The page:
KOTA KINABALU: A shadowy taskforce was entrusted with issuing Malaysian identification documents to foreigners in Sabah, Datuk Seri Anwar Ibrahim told the Royal Commission of Inquiry (RCI) on the state's illegal immigrants Thursday.
The Opposition chief and former deputy prime minister said although he had no direct involvement with the "secretive" team when he was serving in the Government between 1982 and 1998, he had heard about it.
"This was a group that was operating outside the scope of legitimate structure," claimed Anwar, the 210th witness to testify before the RCI.
He said he had learnt during his term in the Government that this secretive taskforce was set up in the early 1970s when Tun Abdul Razak Hussein was Prime Minister and Tun Datu Mustapha Harun was Sabah chief minister.
Responding to questions from conducting officer Manoj Kurup, he said the secretive taskforce was in response to the influx of Filipino nationals into the state fleeing the southern Philippines insurgency.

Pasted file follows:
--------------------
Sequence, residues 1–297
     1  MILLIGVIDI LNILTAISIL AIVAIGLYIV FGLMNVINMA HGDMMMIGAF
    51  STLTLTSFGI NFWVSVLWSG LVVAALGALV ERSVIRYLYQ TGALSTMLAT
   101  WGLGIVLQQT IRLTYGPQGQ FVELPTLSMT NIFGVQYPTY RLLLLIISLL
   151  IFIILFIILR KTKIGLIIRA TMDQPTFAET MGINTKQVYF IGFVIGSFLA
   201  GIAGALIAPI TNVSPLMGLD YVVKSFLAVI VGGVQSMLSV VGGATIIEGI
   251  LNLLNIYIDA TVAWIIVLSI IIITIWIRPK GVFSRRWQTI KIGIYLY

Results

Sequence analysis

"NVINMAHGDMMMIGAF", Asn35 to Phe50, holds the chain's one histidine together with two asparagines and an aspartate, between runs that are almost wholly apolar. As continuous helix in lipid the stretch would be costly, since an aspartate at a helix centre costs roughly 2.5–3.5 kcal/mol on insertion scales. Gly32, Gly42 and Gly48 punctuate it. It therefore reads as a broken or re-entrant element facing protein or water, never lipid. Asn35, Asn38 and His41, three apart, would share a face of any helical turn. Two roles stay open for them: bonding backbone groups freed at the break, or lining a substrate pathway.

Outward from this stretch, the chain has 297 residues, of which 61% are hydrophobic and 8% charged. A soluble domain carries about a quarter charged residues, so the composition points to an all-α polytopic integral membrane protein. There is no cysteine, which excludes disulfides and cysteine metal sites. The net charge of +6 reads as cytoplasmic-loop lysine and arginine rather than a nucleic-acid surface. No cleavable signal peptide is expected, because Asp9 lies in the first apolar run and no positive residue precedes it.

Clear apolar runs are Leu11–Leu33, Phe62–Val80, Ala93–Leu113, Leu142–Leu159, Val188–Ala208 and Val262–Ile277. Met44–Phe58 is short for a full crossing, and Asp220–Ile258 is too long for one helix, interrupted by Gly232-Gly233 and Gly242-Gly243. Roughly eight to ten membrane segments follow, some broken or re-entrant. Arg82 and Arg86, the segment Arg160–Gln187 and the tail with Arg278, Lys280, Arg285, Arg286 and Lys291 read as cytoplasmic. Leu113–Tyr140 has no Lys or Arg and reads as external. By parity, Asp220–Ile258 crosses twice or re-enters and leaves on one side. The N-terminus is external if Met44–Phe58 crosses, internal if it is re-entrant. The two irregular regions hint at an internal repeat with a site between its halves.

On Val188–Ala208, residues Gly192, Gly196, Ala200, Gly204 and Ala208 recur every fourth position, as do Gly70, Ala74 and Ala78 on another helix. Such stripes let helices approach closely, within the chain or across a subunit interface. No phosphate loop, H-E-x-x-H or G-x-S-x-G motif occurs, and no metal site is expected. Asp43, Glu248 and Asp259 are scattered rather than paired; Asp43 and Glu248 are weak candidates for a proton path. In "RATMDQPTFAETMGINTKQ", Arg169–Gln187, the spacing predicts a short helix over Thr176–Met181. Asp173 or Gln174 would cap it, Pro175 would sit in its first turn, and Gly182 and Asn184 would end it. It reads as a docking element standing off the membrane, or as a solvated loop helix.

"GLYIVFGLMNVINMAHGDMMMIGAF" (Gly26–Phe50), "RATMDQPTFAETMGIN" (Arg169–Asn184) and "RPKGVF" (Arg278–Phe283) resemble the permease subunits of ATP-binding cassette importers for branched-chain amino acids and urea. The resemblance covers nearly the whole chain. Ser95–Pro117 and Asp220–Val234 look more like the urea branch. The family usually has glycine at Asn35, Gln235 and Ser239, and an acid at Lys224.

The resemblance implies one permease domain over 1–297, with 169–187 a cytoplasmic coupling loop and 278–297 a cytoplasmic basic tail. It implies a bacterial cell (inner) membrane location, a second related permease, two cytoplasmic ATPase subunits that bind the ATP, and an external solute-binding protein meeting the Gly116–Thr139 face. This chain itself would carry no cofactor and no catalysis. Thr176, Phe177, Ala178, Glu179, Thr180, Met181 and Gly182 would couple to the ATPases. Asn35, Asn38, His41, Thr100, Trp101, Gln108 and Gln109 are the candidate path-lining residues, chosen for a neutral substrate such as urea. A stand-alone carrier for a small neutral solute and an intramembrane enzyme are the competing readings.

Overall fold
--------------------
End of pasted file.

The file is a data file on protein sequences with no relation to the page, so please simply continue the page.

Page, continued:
Anwar said the secretive group he was referring to was not the Federal Special Taskforce on Sabah illegal immigrants that was set up in the 1980s.
He said he believed the secretive taskforce had never been disbanded.
"It began under Tun Razak, and continued under under Tun Dr Mahathir Mohamad, Tun Abdullah Badawi and Datuk Seri Najib Tun Razak. But it has to stop somewhere," he added.
Anwar said he was never involved or officially briefed about the secretive taskforce nor was he invited to sit in during the meetings of National Security Council chaired by the prime minister.
"I would disagree to any suggestion that the prime minister was unaware of this operation. If it involved 5,000 documents, then perhaps yes. But we are talking about hundreds of thousands here," he added.
Questioned by commission chairman Tan Sri Steve Shim that the RCI had heard of evidence that Sabah's population had grown unusually during the 1990-1995 period coinciding with Umno's expansion into the state, Anwar said any political party would do whatever possible within the law to increase its influence.
Anwar, who was Umno vice-president at that time and eventually became its deputy president, said there was never any discussion about a project to issue identity cards to foreigners in Sabah at the Umno supreme council meetings.